Windsor Terrace (1990) by Hanif Willis-Abdurraqib.
First published in THIS. magazine’s Issue BLK.
It’s no secret that the literary world is dominated by white, male voices. But some writers and editors of color are trying to shift the focus. The Stripes EIC, Aisha Oxley, recently sat down with Taylor Campbell, editor of THIS. magazine, to discuss the up and coming magazine’s recent release of Issue BLK, which featured only black authors.
Read their conversation below. Continue reading
On the weekend of Valentine’s Day, East Asian dance group Triple 8 put on their annual show Fortune. A key image in their advertising campaign depicted a white male, surrounded by seven Asian women. At the far left was an Asian male, his face out of focus and washed out by heavy backlighting. Continue reading
Last winter, an incident shook the quiet college-town of Charlottesville, Virginia, and brought dormant tensions over race relations bubbling to the forefront of local media. Having just returned home for winter break, I sat at my kitchen table and opened a local newspaper to the headline “Knockout: Victims of brutal Downtown Mall assault want arrests, and answers from police.”
In 2012, a study examined the correlation between TV watching and self esteem in children, and came up with some not-so-surprising results: white boys who watched television had higher self esteem, while white girls, black girls, and black boys who watched television had lower self esteem. Both lack of representation and associations with undesirable behavior contributed to the low esteem outcomes, while, on the other hand, white male characters were far more often associated with strength, logic, and accomplishment, as well as a more varied set of character traits.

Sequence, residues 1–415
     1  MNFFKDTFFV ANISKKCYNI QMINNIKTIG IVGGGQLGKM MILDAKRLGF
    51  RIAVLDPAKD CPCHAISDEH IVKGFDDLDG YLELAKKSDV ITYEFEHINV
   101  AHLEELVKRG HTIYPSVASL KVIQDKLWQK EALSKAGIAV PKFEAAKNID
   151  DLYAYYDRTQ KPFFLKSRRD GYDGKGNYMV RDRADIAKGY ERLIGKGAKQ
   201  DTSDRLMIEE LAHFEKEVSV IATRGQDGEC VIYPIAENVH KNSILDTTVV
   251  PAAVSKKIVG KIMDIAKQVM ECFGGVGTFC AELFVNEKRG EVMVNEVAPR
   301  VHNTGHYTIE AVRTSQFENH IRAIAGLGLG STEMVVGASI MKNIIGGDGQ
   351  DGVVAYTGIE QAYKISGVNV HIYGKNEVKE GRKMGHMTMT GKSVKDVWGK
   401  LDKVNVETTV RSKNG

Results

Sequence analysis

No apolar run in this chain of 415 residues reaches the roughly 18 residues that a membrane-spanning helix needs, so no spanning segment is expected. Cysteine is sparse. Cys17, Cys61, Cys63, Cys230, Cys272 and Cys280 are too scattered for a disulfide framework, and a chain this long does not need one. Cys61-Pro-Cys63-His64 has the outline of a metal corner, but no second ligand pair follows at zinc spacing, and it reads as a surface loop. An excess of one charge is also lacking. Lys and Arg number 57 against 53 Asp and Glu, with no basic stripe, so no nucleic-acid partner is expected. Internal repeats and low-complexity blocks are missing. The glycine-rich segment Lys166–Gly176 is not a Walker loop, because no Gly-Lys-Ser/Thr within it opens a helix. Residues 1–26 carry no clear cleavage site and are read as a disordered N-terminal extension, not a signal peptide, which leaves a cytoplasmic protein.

As Black History month progresses, and we take a moment to honor and celebrate our tremendous history and the great strides we have made in the last fifty or so years, I cannot help but think about the ways in which our story has been one of both triumph and disappointment.
It has been more than two months since the news came out that Darren Wilson, the White officer who gunned down eighteen-year-old Michael Brown on August 9, 2014, would not be indicted for Brown’s death. Continue reading
At every protest I’ve participated in or been to—whether it’s been in Ferguson, which is only twenty minutes away from my home in St. Louis, or on Princeton’s campus—the signs held up by most protestors have boasted the names of slain Black men. At those same protests in which activists, young and old, highlight the deaths of Black men, I always notice one lone and audacious woman holding up a sign with the names of murdered Black girls and women penned on it.
After my first semester at Princeton University, I was excited to return home to Guam for winter break. However, instead of being happy to be back in what most people deem as a “tropical paradise,” I was reminded of something sobering: I am poor. Compared to the comforts provided at Princeton, the living conditions of my family seemed dismal. While some students complain about their dorm beds being too lumpy or the water pressure in the restrooms being too low, I was grateful for these things after having to sleep on the couch and floor for my entire life and to use a bucket to flush the toilets at home.